Heart-Lung Machine (“On-pump” CABG)
A heart-lung machine (Cardiopulmonary bypass) must be established before attaching the grafted artery can take place. Plastic tubes are placed into the right side of the heart to channel non-oxygenated blood out of the body and into the heart-lung machine. Once the carbon dioxide is extracted from the blood and the blood is oxygenated, it can be returned to the body throughout the surgery.

“Off-pump CABG” is a coronary artery bypass graft surgery performed without the use of a heart-lung machine. Once your doctor has opened the chest, he or she will stabilize the area around the artery to be bypassed with a special instrument. The rest of the heart will continue to function and pump blood through the body. The heart-lung bypass machine and the person who runs it may be kept on stand-by just in case the procedure needs to be completed on bypass.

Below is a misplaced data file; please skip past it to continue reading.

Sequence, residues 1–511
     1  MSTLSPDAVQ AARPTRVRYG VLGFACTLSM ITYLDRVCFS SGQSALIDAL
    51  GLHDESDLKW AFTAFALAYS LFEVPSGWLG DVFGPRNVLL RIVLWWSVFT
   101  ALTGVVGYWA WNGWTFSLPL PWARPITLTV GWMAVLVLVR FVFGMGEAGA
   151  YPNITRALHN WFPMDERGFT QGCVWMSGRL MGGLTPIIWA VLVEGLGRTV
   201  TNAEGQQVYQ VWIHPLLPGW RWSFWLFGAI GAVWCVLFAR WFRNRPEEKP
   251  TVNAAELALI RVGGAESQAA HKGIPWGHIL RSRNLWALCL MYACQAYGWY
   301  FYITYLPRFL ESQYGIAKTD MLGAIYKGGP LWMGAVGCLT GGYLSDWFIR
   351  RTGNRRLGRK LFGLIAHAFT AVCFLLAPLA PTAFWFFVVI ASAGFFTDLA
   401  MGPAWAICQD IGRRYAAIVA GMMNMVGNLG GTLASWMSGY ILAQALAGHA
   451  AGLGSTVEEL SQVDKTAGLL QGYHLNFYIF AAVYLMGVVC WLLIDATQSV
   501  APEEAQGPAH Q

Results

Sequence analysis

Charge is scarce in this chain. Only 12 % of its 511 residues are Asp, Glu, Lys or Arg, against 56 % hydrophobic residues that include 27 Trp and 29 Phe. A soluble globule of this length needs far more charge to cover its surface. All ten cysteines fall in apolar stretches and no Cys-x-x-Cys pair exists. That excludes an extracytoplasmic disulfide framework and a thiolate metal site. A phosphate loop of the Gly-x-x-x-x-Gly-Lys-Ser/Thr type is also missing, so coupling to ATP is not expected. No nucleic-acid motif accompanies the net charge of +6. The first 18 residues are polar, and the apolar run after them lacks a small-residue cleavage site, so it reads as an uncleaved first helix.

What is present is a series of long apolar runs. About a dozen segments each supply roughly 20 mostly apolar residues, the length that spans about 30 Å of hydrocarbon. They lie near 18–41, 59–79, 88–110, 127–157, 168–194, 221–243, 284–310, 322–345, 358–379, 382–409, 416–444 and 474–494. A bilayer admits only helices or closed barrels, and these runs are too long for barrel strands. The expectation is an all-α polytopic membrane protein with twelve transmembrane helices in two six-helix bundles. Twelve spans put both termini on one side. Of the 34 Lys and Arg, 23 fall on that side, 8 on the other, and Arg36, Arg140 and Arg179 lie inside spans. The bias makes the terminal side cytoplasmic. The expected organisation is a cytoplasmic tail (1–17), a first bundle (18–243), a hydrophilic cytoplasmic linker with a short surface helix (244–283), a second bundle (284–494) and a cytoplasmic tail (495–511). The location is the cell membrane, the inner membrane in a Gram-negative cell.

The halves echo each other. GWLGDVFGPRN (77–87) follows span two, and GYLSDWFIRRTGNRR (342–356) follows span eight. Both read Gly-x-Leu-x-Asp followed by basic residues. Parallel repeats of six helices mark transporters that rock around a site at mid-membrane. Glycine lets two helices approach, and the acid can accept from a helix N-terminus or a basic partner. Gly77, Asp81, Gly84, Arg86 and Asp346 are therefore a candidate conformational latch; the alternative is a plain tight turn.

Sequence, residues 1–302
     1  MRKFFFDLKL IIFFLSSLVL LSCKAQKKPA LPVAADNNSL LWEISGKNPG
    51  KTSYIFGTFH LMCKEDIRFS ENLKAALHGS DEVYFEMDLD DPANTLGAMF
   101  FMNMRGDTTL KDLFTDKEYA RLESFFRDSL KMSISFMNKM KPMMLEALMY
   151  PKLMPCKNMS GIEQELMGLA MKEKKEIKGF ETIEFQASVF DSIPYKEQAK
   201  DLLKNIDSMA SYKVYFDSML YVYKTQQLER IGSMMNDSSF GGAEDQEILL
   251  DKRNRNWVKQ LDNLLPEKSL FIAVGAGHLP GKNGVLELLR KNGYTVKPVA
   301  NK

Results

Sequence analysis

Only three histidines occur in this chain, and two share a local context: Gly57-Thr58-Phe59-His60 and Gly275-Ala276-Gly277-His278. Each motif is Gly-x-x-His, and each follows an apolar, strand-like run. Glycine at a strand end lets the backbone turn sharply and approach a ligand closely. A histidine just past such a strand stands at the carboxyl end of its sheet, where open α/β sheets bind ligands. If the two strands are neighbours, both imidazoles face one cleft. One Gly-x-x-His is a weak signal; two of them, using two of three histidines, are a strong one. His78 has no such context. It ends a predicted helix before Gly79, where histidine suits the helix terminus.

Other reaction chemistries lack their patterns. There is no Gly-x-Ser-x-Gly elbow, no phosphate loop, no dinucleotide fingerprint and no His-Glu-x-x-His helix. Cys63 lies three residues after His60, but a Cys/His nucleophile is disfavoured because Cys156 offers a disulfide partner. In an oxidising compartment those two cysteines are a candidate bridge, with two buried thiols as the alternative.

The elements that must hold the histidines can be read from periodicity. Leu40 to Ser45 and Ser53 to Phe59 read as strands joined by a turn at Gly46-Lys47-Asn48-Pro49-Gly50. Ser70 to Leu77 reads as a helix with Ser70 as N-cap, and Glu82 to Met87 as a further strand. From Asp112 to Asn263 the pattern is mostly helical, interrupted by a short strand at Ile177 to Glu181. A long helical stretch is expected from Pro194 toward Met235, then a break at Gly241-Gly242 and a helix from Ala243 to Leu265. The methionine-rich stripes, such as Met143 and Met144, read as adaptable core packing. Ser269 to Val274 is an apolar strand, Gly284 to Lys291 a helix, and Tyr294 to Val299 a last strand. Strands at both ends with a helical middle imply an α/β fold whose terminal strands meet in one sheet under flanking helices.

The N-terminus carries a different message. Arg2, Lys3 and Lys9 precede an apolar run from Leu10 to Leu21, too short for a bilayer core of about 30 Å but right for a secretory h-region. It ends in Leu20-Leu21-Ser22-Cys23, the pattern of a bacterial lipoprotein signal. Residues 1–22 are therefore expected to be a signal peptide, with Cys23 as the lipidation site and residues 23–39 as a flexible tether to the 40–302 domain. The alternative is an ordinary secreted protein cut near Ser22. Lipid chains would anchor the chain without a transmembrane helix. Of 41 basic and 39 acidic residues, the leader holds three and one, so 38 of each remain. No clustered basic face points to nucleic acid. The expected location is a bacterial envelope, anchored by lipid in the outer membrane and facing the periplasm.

Attaching the graft

The grafting portion of the surgery can now begin by attaching a grafted blood vessel beginning at the aorta to beyond the narrowing or blockage, also known as an aortocoronary bypass. Once the graft is prepared it will be sewn into place. You may have heard the words single bypass, double bypass, triple bypass or quadruple bypass surgeries. These refer to the number of arteries that are bypassed, and it does not necessarily indicate how severe the heart disease is. Once the graft has been attached, blood will start flowing in this new pathway, bypassing the blockage. 

Finishing the coronary artery bypass graft surgery